At inception wristwatches were almost EXCLUSIVELY worn by women. The very earliest production of wrist watches heard of, dates back to the 16th century and they were referred to as bracelets. Until then, women wore watches as an ornament around their neck (pendant to a chain), while men on the other hand used pocket watches.
Wristwatches were first worn by men in the military towards the end of the nineteenth century. This was as a result of complains from soldiers, on the difficulty of frequently opening a Pocket watch, while timing a bombardment during war. It was clear that using pocket watches, while in the heat of battle, or while mounted on a horse was impractical, so officers began to strap the watches to their wrist. The Garstin Company of London patented a ‘Watch Wristlet’ design in 1893. Clearly, a market for men’s wristwatches was coming into being at the time.
These early models were essentially standard pocket watches fitted to a leather strap, but by the early 20th century, manufacturers began producing purpose-built wristwatches.
Today, this accessory is not only a fashion statement but comes in handy to, keep you punctual, meet up with a deadline, organized and conscious of when events are taking place or took place.(if you work behind the desk, or you a field project manager you shouldn’t go out without this accessory).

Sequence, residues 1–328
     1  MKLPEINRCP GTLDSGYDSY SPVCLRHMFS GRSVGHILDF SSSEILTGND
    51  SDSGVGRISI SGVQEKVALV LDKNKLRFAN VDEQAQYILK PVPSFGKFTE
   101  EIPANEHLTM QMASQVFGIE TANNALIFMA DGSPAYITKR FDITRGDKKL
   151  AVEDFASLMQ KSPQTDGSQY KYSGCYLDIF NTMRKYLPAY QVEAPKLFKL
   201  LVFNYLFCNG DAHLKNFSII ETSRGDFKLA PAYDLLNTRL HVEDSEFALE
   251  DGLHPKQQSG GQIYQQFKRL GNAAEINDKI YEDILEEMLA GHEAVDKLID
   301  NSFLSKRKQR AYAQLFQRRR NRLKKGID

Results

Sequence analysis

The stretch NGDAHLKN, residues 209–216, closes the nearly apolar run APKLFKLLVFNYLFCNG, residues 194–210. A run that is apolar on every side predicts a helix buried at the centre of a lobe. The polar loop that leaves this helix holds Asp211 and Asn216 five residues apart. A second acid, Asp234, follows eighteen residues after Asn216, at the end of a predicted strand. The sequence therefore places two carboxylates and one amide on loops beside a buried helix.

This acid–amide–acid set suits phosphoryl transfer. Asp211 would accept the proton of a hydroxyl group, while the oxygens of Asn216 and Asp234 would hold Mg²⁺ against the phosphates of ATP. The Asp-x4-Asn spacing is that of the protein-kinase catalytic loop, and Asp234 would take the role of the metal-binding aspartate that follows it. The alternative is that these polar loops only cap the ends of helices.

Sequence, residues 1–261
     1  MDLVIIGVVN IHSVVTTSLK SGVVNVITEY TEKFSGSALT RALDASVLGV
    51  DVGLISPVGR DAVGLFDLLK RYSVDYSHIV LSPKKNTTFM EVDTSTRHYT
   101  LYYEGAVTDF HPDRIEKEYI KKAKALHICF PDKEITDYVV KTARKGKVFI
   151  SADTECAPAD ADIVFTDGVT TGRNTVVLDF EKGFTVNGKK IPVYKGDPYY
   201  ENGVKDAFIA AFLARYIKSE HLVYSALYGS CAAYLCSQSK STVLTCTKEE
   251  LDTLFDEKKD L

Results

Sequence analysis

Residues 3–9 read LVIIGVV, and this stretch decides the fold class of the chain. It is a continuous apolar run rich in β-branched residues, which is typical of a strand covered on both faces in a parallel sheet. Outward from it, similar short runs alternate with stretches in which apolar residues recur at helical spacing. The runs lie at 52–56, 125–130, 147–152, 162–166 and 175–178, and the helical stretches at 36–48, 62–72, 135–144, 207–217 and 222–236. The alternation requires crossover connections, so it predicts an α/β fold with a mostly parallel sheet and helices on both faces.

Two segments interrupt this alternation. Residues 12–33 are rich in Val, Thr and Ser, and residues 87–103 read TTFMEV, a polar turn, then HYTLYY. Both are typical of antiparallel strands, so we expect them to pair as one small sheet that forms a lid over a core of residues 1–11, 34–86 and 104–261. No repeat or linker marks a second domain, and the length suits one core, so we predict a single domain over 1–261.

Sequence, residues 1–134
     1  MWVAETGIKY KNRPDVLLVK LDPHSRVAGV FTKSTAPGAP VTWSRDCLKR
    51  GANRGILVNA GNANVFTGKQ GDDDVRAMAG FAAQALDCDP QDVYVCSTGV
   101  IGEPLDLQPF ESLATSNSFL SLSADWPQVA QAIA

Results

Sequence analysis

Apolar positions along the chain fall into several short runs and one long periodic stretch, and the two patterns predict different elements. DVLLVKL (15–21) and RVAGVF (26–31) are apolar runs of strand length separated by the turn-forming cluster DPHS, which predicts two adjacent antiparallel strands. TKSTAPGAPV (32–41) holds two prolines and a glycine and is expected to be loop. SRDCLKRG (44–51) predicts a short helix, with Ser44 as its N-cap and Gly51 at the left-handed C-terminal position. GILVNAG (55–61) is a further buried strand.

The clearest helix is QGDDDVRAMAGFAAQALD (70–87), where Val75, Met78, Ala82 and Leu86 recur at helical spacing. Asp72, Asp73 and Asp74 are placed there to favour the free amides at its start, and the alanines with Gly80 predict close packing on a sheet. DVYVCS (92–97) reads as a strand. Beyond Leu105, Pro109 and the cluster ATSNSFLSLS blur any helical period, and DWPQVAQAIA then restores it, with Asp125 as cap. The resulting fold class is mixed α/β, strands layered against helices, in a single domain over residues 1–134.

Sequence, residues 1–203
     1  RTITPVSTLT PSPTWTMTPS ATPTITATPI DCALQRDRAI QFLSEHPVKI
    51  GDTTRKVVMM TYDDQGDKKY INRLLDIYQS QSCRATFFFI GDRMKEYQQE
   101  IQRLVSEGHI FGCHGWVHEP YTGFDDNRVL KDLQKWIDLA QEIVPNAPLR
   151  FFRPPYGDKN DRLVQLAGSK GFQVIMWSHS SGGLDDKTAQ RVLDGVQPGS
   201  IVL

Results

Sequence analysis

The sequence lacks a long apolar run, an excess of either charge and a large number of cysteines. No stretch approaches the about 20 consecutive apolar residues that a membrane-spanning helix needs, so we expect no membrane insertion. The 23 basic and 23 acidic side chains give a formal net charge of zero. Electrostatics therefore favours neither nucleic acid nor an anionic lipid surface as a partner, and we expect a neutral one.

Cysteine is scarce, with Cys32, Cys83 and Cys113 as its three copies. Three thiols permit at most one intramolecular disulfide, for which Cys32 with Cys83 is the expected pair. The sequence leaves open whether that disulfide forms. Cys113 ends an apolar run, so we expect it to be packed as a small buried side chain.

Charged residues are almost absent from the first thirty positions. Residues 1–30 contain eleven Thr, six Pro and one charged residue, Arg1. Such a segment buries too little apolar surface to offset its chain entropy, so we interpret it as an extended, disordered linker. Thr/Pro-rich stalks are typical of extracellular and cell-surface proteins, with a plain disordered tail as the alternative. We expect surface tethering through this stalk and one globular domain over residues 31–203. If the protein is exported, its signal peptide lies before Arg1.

Typically, it is more of a rule that you should wear your watch on your non-dominant wrist. That is, if you are right-handed, you are to wear your watch on the left arm and vice versa . The logic is that your non-dominant hand isn’t frequently used, so when it’s on that wrist, your watch is less likely to get damaged. Also, wearing the watch on your non-dominant hand means it’s less likely to interrupt whatever action you performing.
So what type of watch are you supposed to have on for a formal outfit? A dress watch is much appropriate. A leather or mesh strap watch will the perfect.
For other occasions, you can style other type of watches.